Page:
by David Turman
Raising children is becoming more difficult with each passing year. Not only is it necessary for both parents to work just to supply the basic needs, but then there are the “wants” – the material things they just have to have for any multitude of reasons, usually because their peers do. How is a parent to provide these dire necessities without spoiling the child or being seen as an ogre for saying no because the child doesn’t “deserve” them? How about earning the money and pay for it themselves, thus teaching them a work ethic and the value of money?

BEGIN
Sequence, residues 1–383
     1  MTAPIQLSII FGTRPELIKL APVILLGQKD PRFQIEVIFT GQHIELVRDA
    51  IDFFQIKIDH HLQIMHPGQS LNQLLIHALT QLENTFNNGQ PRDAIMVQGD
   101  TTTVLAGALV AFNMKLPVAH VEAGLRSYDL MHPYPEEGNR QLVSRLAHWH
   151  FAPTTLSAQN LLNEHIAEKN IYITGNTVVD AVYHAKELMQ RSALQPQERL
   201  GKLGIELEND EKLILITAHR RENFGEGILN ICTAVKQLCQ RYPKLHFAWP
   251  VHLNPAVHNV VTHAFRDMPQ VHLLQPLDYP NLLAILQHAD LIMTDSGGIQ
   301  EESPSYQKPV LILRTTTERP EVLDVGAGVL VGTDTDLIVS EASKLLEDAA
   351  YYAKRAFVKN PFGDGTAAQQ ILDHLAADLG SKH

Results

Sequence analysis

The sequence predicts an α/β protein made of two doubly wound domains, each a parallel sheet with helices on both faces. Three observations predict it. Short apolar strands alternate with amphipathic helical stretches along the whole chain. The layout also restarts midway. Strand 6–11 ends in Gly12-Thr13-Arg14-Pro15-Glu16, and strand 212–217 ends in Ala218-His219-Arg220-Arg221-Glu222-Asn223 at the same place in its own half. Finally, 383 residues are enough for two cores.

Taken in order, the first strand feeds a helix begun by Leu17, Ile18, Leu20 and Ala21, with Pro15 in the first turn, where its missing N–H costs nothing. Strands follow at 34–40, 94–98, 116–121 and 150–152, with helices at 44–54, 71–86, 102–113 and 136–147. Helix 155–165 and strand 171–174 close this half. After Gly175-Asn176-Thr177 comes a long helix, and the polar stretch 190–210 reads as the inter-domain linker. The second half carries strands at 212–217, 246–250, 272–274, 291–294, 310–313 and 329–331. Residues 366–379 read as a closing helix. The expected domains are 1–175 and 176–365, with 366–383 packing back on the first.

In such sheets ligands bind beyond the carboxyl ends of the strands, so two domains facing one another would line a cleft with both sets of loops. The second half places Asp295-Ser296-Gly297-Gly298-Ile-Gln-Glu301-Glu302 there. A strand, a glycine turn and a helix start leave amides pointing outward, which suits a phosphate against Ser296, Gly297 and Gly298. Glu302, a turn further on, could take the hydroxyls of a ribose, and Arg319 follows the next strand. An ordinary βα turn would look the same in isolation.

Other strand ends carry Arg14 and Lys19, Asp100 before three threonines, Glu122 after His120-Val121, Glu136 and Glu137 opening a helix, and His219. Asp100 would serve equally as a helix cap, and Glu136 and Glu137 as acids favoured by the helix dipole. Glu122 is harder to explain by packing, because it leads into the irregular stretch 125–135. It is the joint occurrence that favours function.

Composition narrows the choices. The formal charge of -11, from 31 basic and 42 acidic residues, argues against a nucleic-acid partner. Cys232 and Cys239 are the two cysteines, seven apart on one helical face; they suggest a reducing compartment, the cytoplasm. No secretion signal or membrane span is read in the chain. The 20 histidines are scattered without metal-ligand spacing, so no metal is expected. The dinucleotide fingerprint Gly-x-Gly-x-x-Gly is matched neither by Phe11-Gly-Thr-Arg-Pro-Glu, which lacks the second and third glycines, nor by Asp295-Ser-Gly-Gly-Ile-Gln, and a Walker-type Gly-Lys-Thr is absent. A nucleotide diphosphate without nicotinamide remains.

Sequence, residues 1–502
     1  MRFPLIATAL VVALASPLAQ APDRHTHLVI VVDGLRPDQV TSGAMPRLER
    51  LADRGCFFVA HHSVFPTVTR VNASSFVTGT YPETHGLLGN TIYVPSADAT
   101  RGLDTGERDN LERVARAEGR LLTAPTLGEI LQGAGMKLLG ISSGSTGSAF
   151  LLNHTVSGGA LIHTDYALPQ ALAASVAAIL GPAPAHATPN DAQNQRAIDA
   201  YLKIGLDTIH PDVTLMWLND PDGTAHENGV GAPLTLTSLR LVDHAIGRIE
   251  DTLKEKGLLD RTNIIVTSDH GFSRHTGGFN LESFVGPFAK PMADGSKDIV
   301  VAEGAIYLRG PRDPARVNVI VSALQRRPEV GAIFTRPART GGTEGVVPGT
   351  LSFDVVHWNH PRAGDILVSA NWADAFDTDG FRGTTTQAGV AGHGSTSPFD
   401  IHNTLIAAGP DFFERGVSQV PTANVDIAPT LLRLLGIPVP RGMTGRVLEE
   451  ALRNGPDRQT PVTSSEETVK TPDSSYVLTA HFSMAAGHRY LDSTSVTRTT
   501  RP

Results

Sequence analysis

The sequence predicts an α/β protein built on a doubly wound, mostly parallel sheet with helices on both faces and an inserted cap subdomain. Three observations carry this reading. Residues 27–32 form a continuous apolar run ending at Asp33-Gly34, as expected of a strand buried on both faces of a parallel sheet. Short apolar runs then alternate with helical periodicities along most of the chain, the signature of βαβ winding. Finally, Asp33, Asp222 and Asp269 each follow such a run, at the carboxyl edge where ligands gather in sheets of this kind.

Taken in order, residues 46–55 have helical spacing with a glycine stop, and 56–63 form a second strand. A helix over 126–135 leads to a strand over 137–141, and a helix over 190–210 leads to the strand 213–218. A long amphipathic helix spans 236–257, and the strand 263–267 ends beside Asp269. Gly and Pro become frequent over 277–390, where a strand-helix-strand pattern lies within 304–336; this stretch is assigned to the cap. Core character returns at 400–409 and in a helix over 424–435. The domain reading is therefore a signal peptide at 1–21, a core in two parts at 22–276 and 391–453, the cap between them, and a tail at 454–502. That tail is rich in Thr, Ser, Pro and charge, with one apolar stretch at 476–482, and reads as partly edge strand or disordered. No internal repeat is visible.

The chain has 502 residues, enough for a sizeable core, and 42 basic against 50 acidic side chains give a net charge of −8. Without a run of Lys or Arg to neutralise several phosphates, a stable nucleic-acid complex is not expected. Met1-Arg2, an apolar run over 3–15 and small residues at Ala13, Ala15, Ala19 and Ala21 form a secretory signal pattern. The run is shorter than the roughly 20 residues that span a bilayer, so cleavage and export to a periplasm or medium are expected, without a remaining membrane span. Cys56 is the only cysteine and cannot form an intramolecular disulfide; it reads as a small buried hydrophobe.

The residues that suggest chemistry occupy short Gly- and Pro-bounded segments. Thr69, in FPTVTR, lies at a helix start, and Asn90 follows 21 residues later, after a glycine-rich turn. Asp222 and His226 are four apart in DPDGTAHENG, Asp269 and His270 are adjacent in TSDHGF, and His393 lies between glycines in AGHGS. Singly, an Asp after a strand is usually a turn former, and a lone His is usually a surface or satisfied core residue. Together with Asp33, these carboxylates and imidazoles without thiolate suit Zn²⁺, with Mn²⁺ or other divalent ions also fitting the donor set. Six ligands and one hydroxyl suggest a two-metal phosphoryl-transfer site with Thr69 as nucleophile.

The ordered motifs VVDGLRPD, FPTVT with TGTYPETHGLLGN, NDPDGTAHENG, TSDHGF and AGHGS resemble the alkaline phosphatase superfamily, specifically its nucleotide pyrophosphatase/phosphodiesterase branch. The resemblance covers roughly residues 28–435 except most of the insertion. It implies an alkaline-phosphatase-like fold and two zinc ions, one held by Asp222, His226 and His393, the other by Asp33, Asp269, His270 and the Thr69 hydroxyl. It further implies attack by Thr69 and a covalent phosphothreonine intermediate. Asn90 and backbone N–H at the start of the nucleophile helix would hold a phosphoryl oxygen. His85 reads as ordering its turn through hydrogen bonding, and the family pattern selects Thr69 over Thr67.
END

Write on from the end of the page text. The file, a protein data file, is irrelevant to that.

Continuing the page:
As David Turman explains in Your Children, Your Money, in order for this to work, the entire family must be on the same page, which requires a family meeting. All family members must gather and discuss, freely and frankly, the state of the family’s finances, including immediate needs and futures goals. Then a plan can be drawn up to allow the children to barter household chores for the things they feel they can’t live without.
About the Author: A native of Ohio, David Turman and his wife, Carolyn, currently reside in Colorado, where they are raising five children: Anthony, Jeremy, Dean, Autumn, and Courtney.
(2003, paperback, 24 pages)